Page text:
Kashmir Floods A Man-made Disaster, Need Wetland Conservation Act: BNHS
16 September 2014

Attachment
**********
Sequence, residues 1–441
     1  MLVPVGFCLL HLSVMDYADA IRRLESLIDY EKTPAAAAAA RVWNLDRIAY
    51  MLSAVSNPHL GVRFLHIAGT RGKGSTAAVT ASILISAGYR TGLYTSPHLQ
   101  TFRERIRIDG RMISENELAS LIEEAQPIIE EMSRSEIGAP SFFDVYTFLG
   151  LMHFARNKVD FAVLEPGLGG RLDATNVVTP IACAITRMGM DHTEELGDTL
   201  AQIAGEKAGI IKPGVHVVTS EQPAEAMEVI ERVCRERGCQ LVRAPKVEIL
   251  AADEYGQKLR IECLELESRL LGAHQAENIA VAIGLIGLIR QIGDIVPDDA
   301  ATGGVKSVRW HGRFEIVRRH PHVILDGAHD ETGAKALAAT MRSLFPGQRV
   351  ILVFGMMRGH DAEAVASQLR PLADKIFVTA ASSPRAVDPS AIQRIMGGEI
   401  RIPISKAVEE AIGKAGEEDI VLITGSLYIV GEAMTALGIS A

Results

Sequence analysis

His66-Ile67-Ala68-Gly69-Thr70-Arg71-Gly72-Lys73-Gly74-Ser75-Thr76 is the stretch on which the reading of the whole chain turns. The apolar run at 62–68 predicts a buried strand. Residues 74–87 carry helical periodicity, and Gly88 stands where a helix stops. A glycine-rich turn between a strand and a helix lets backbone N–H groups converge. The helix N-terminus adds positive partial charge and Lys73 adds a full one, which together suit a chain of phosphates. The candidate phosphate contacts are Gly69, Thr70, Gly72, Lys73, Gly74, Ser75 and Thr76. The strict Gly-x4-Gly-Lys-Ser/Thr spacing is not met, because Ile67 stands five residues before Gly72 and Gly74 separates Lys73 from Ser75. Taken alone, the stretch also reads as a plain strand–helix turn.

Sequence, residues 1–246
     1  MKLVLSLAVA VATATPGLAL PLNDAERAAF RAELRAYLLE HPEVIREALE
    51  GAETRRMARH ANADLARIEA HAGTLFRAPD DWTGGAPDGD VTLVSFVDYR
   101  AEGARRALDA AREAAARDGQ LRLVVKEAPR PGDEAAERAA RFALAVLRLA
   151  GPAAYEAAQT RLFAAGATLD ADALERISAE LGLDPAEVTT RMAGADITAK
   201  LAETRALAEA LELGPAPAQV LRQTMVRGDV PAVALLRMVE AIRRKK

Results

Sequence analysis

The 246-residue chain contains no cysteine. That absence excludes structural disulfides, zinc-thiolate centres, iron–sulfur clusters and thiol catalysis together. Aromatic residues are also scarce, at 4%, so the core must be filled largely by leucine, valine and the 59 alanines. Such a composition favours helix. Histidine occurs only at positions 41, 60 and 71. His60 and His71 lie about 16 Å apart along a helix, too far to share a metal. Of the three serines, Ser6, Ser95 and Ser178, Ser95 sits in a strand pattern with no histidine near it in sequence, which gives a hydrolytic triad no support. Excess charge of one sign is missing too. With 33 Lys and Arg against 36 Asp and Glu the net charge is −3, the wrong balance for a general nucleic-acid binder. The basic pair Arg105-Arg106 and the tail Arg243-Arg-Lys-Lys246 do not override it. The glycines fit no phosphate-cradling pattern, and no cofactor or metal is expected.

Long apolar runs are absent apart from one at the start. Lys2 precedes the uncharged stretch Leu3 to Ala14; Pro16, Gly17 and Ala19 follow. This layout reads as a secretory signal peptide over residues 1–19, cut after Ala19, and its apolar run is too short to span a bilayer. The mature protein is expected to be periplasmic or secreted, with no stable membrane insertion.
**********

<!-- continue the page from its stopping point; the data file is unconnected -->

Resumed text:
: Demanding for the Wetland Conservation Act, Bombay Natural History Society (BNHS) on Tuesday said that the flood in Kashmir is nothing but a man-made disaster. Dal Lake has shrunk to half its size and Wular Lake is just 10%, as compared to what it once was - 20,200 hectares. What could have been done to avoid the damage? Dr Asad Rahmani, director of BNHS said, 'This can be termed as an ecological disaster. The disastrous damage caused to life and property could have been minimized if the large number of wetlands that once existed in the Kashmir valley had been preserved. Wetlands act as a sponge that retains excess water. Wular Lake is a classical example.' What have the ramifications been? As per the field studies done by BNHS over the years, there has been huge loss of wetlands in Kashmir. The Dal Lake in Srinagar, which is a popular tourist destination, has witnessed serious reclamations all along its periphery in the marshy areas. This in turn, reduced the lake size to just about 1,200 hectares - almost half of its earlier spread. What is the level of deterioration at Wular? The vast expanse of Wular Lake and associated marshes - an Important Bird Area (an area recognized as being a globally important habitat for the conservation of bird populations) - has also seen similar destruction. Wular Lake was once spread across 20,200 hectares, it now remains restricted to a mere 2,400 hectares. How have the wetlands in Kashmir been destroyed? Kashmir valley has one narrow opening towards the west for the water from the catchment areas to get drained down the Jhelum River. From all other sides, it is encircled by high mountains. Over the last 30 years, nearly 50% of the wetlands in the Kashmir valley have been encroached upon or severely damaged beyond restoration due to reckless developmental activities with no regard for nature conservation. The construction there is mainly due to commercial activities. What has the BNHS recommended? According to Dr Rahmani, even the British and former maharajas of Kashmir used to consider Wular Lake as a buffer for the floods, where excess water can get absorbed. As per BNHS, the excessive damage done to the marshes of the Kashmir valley is a strong indication to immediately come up with a Wetland (Conservation) Act along similar lines as the Forest (Conservation) Act, 1980.